The Aerospace States Association, a lieutenant governor-led group focused on aviation issues, is partnering with Association for Unmanned Vehicle Systems International, one of the more bullish supporters of the growing drone industry, in an effort to promote the devices’ economic potential.
With the issues around unmanned aerial vehicles (UAVs), or drones, mostly worked out at the federal level, now it’s the states’ turn to swoop in.
And they’re making progress, thanks to the Aerospace States Association, a nonpartisan group of lieutenant governors focused on aerospace regulations at the state level. Last week, ASA announced that it had formed a partnership with the Association for Unmanned Vehicle Systems International (AUVSI) to encourage greater use of unmanned aircraft systems.
In comments reported by UAS Magazine, ASA Executive Director Charles Huettner emphasized that the goal of the effort was not to overly regulate drones but to ensure their long-term success and integration into respective state economies.
“With [unmanned aircraft systems], we recognized from the beginning that this was an emerging industry, and we wanted to support it,” he emphasized.
AUVSI President and CEO Brian Wynne explained that the partnership would keep state officials abreast of the specific needs of unmanned vehicles and their economic benefits, creating an easy path forward for future industry growth.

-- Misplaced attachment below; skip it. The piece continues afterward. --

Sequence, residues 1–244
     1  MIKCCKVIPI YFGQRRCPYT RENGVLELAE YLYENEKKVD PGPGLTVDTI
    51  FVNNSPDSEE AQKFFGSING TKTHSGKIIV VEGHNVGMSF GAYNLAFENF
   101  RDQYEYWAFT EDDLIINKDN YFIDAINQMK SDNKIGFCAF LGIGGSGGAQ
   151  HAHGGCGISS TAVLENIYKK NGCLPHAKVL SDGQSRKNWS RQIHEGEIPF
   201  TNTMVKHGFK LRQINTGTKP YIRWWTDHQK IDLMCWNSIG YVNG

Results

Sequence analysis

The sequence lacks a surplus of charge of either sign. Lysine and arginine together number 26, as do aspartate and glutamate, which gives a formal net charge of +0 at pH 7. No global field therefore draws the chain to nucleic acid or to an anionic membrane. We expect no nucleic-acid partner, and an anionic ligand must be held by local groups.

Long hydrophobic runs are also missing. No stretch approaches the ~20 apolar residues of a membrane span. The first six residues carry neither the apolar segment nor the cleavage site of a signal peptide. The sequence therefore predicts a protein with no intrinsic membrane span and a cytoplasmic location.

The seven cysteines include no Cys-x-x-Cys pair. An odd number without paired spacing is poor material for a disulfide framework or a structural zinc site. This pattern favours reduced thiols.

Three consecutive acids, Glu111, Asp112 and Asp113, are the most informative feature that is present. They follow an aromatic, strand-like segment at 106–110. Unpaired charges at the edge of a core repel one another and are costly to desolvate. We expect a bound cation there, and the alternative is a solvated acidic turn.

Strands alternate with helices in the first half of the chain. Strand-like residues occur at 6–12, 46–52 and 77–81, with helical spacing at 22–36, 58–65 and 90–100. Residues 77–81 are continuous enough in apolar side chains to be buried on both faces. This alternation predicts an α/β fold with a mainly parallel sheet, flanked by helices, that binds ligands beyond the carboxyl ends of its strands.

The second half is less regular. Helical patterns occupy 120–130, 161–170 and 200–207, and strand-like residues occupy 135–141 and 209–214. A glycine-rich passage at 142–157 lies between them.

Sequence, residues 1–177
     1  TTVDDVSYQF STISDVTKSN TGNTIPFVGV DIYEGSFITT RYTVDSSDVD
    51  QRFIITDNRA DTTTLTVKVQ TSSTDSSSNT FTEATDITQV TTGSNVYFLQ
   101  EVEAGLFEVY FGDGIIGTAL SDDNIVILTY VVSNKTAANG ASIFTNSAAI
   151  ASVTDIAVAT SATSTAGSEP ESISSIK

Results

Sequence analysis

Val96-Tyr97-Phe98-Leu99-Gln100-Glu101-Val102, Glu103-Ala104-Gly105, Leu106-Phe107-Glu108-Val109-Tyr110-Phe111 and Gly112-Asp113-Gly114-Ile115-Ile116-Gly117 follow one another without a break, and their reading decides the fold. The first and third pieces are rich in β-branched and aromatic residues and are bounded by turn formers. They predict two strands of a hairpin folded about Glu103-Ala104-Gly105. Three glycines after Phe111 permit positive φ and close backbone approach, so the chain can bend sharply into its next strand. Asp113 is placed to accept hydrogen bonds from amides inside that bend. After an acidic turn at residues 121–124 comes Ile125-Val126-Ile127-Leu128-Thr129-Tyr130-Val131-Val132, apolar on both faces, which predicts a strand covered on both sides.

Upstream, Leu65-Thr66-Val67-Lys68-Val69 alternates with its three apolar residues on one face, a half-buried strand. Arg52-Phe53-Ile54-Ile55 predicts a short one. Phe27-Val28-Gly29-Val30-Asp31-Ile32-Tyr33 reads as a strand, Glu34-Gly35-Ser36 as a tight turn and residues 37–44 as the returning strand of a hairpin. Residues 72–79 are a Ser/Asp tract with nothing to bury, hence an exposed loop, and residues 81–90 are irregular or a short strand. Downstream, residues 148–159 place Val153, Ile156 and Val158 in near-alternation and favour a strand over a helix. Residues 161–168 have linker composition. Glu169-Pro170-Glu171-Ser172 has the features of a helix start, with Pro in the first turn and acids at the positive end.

“We look to ASA to provide leadership at the state level to advance unmanned aviation, as its members have successfully done to expand manned aviation,” Wynne said in a news release [PDF]. “Informing state elected officials about the benefits of unmanned systems and listening to their concerns and interest in this emerging technology are vital to enabling the infrastructure and public policy needed to grow our industry.”
Alabama Lt. Gov. Kay Ivey, ASA’s chair, agreed, comparing the devices’ economic potential to that of the internet.
“The UAS industry is expected to grow our state economies, create over 100,000 high-paying jobs, and be a source of innovation and inspiration for our youth to enter the STEM workforce,” Ivey said in a statement.
As a kickoff to the partnership, Wynne will speak at ASA’s annual meeting on July 29 in Milwaukee, highlighting recent federal regulations on small unmanned aircraft systems.